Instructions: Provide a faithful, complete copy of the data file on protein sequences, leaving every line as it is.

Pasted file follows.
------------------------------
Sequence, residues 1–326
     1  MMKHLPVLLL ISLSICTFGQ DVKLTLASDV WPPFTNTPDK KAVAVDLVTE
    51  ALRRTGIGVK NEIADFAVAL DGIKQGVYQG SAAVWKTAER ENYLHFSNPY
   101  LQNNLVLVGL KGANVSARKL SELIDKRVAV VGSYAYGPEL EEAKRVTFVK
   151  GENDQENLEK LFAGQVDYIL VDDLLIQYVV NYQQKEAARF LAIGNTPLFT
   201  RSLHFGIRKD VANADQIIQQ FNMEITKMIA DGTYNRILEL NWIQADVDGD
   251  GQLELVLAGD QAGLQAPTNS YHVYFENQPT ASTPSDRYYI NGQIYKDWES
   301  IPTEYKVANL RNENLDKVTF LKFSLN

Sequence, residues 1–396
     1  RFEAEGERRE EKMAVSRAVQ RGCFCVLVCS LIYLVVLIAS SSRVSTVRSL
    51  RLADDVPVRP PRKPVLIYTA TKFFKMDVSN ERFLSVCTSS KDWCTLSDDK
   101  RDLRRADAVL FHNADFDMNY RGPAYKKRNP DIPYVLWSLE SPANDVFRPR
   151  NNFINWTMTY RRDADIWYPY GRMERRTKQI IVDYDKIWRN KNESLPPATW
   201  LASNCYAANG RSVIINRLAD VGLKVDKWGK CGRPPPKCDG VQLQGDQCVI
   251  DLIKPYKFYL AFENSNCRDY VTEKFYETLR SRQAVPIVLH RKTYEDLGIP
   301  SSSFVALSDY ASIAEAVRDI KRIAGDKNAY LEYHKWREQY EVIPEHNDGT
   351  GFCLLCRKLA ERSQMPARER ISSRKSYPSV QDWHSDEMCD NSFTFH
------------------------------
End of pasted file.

Sequence, residues 1–326
     1  MMKHLPVLLL ISLSICTFGQ DVKLTLASDV WPPFTNTPDK KAVAVDLVTE
    51  ALRRTGIGVK NEIADFAVAL DGIKQGVYQG SAAVWKTAER ENYLHFSNPY
   101  LQNNLVLVGL KGANVSARKL SELIDKRVAV VGSYAYGPEL EEAKRVTFVK
   151  GENDQENLEK LFAGQVDYIL VDDLLIQYVV NYQQKEAARF LAIGNTPLFT
   201  RSLHFGIRKD VANADQIIQQ FNMEITKMIA DGTYNRILEL NWIQADVDGD
   251  GQLELVLAGD QAGLQAPTNS YHVYFENQPT ASTPSDRYYI NGQIYKDWES
   301  IPTEYKVANL RNENLDKVTF LKFSLN

Sequence, residues 1–396
     1  RFEAEGERRE EKMAVSRAVQ RGCFCVLVCS LIYLVVLIAS SSRVSTVRSL
    51  RLADDVPVRP PRKPVLIYTA TKFFKMDVSN ERFLSVCTSS KDWCTLSDDK
   101  RDLRRADAVL FHNADFDMNY RGPAYKKRNP DIPYVLWSLE SPANDVFRPR
   151  NNFINWTMTY RRDADIWYPY GRMERRTKQI IVDYDKIWRN KNESLPPATW
   201  LASNCYAANG RSVIINRLAD VGLKVDKWGK CGRPPPKCDG VQLQGDQCVI
   251  DLIKPYKFYL AFENSNCRDY VTEKFYETLR SRQAVPIVLH RKTYEDLGIP
   301  SSSFVALSDY ASIAEAVRDI KRIAGDKNAY LEYHKWREQY EVIPEHNDGT
   351  GFCLLCRKLA ERSQMPARER ISSRKSYPSV QDWHSDEMCD NSFTFH